Mr President, I think it was in February of 2017 that we indicated that we have a new home-care system which gives older Australians more choice. The demand for home care, which is quite correct, particularly in levels 3 and 4, is a reflection of people's indication that more and more people wish to stay at home. And so we have invested an additional $1.6 billion in—
On a point of order, Mr President: the difficulty with the minister's answers on relevance is that we all know—the Australian public at large know—that there is a growing number of older Australians. Relying on that to avoid answering a question about the number of older Australians that—
When ministers are asked a question, they are granted the opportunity to provide some context. The first point of order was 22 seconds into the answer. Senator Scullion, you've been reminded of the exact nature of the question. One does need to be directly relevant to it, which does narrow the scope of what extraneous material can be directly relevant. Senator Scullion.
Thank you, Mr President. I think the important point that those opposite missed is that it's actually in the level 3 and 4 care which is the most important, and we'll be investing in the vast majority— (Time expired)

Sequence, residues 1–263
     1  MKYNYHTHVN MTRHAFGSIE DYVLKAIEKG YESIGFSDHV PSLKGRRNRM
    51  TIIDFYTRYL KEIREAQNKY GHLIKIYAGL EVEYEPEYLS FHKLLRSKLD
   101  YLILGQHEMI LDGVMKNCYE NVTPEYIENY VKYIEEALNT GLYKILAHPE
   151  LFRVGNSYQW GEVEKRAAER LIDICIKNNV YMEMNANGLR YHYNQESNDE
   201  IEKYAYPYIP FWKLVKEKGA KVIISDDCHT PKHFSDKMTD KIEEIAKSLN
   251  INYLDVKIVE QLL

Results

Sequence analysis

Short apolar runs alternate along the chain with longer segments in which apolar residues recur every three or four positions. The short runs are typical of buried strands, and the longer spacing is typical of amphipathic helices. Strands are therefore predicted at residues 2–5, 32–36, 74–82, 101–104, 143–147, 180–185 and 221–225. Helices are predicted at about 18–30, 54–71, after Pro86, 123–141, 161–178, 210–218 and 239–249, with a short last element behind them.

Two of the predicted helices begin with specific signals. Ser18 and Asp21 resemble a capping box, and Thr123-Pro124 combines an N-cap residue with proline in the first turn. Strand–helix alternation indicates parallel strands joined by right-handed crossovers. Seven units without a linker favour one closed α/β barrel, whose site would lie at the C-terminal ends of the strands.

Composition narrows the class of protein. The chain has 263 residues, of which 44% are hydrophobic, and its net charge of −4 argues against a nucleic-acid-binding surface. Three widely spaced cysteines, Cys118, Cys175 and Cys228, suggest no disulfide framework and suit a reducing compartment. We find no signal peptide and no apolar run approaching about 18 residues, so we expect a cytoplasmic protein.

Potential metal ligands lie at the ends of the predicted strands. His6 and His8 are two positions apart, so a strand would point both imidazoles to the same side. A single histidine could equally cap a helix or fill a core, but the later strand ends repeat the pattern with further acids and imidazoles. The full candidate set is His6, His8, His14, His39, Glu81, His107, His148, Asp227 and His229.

I hope that the minister can be responsive as well as relevant this time. Some older Australians have been waiting for more than two years without any care. How much longer does the Morrison government expect older Australians to wait for this care? Can the minister explain to older Australians and their families and loved ones how the government's rushed announcement of a royal commission into aged care will help them get the care they need now?
They say, 'What would happen under our government; we're doing these things and those things,' to make a direct comparative, I suppose, of what they will do or have done. In 2010-11, it was the Labor Party that ripped money out of residential aged care and failed to reinvest all of those dollars—so it was a $9 million cut. Of course, you can look at Budget Paper No. 2 from 2010-11. In the next year, that wasn't enough. They said, 'We decided to rip $200 million out of residential aged care so we're leaving those most vulnerable without the support that they need.' Again, you can look at Budget Paper No. 2 from 2011-12. Then we move on to 2012-13, where there was another cut of $135 million. Again, the source is Budget Paper No. 2 from 2012-13. Under Labor's Living Longer Living Better reforms, the ratio sets were inadequate and severely underestimated, so I don't really appreciate the nauseating lectures from the failures opposite. (Time expired)